Awards are made in four categories, broadly defined: bio- logical sciences (including such disciplines as botany, ecology, or conservation biology); physical sciences (including such disciplines as geology, hydrology, and atmospheric sciences); social/cultural sciences (including such disciplines as economics, sociology, anthropology, and archeology); and technology innovation in support of conservation science (including such fields as informatics, remote sensing, photomonitoring, and radiotelemetry).
The program will award eight scholarships based on two separate competitions. Four Canon National Parks Science Scholars will be selected from students studying at universities in the United States (i.e., one winner in each of the four program categories). Four Canon National Parks Science Scholars will also be selected from students studying at universities throughout the Americas but outside the U.S. (i.e., one winner in each of the program categories). In addition, four Honorable Mentions will be selected from throughout all of the Americas.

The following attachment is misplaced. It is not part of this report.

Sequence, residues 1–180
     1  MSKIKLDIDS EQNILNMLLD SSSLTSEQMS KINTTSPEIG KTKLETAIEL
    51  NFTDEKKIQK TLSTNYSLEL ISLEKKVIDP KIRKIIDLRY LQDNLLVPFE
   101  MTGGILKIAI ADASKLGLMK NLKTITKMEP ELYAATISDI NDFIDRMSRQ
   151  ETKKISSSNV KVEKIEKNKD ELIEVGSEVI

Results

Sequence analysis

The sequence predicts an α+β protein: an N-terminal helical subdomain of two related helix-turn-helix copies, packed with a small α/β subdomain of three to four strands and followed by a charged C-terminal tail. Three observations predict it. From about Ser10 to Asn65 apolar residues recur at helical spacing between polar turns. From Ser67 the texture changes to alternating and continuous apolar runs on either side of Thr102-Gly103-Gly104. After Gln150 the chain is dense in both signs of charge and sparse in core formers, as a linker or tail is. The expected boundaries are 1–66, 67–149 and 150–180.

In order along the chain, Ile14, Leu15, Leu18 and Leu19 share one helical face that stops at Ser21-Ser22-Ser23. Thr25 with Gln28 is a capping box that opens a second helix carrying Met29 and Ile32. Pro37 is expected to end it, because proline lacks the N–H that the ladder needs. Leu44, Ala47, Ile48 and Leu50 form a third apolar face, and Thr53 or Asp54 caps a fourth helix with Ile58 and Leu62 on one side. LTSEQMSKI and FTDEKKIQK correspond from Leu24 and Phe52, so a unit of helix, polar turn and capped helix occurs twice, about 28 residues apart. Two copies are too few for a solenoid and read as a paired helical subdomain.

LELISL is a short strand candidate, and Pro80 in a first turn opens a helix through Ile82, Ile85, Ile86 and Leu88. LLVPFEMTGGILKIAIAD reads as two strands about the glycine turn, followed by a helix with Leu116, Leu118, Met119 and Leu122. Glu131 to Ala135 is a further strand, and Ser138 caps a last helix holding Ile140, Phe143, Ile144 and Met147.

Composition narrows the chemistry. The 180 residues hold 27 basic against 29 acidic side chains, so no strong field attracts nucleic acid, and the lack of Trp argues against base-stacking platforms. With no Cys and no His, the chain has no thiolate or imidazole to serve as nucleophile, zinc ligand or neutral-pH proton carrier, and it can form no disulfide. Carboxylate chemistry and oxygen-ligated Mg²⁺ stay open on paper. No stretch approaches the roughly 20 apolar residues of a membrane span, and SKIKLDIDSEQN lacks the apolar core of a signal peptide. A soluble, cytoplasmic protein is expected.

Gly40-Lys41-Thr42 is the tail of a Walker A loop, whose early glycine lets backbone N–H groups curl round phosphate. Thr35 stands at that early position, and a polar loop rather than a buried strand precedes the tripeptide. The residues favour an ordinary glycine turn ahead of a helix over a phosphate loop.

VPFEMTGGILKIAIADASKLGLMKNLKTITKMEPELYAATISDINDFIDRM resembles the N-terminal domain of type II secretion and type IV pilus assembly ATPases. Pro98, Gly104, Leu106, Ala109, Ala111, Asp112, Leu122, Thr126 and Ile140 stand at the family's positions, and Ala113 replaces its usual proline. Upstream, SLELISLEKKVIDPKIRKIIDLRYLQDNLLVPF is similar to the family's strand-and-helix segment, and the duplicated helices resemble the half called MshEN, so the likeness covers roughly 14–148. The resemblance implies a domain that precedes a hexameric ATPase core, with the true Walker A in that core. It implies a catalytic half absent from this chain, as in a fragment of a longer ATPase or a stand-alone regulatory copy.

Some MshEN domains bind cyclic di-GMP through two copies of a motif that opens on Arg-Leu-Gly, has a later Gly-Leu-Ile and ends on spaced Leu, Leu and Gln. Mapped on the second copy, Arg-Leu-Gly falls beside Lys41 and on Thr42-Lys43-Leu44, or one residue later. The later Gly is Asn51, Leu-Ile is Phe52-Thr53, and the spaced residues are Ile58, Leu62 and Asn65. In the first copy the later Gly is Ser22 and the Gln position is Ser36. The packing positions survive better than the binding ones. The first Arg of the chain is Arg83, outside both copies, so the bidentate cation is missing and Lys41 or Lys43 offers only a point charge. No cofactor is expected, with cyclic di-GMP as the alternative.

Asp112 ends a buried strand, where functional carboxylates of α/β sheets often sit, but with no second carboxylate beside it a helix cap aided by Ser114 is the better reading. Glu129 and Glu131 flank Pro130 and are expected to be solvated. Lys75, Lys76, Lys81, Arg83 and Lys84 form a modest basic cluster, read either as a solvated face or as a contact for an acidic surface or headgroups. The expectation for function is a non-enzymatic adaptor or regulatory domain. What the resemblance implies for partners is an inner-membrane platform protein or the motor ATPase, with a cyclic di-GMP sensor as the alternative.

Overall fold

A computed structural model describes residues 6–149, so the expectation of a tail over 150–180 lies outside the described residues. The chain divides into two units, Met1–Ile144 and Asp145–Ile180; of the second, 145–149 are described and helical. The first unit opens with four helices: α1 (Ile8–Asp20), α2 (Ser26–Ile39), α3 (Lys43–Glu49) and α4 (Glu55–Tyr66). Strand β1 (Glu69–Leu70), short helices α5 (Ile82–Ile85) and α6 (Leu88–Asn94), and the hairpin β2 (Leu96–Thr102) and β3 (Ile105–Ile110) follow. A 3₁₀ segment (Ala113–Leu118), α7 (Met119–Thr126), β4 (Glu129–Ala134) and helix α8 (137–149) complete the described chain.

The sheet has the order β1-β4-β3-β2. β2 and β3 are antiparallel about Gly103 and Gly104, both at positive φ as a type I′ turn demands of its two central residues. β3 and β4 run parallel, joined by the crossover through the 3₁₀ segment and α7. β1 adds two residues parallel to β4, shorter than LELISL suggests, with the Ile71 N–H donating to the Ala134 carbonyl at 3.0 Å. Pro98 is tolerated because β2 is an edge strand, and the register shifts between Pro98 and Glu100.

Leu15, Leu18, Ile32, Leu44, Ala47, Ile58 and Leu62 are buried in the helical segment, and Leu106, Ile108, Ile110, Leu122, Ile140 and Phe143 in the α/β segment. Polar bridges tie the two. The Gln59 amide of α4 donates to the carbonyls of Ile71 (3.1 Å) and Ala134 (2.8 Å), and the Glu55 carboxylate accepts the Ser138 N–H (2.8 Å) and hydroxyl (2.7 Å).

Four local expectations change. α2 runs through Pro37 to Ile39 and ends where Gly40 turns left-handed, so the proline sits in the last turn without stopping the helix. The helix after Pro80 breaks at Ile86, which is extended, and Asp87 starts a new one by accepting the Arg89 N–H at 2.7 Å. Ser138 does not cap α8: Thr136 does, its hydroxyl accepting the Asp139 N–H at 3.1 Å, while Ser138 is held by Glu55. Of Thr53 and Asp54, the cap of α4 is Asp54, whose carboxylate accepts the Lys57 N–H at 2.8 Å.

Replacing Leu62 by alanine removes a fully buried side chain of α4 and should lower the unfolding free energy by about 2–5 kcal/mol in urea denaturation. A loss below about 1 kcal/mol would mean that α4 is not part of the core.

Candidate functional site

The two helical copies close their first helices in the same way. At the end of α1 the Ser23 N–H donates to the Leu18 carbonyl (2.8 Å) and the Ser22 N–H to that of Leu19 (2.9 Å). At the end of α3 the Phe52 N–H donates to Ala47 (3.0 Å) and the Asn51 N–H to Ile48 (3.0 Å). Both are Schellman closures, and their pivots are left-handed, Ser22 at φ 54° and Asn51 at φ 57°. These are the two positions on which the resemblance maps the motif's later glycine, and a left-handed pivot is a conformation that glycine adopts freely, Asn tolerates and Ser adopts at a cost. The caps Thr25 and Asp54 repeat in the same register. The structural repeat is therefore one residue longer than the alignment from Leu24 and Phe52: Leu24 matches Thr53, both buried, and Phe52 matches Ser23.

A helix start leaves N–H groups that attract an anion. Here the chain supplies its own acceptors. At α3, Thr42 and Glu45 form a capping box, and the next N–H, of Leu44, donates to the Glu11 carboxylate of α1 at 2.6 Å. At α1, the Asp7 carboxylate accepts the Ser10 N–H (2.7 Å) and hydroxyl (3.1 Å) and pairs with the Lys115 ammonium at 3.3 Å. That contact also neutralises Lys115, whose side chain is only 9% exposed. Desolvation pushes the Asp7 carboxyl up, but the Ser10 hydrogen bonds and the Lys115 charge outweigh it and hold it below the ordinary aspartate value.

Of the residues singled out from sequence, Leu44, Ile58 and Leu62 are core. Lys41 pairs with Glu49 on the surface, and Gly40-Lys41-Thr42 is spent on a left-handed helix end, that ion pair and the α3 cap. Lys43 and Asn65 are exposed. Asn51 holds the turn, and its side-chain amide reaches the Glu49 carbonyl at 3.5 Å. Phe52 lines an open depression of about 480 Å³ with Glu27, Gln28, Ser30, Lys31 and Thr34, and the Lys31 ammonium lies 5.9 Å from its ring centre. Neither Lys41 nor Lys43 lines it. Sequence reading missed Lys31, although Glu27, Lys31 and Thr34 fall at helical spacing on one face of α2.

Each winning student will be awarded a Canon National Parks Science Scholarship of $80,000.
Proposals can be considered only from currently enrolled Ph.D. students at an accredited university within the Americas who are citizens of a country in the Americas.
The Americas include Canada, the United States, Mexico, the countries of Central and South America, and the Caribbean. At least some portion of the student's proposed research must take place in -- or be significantly and specifically relevant to -- one or more national parks in the student's country of citizenship.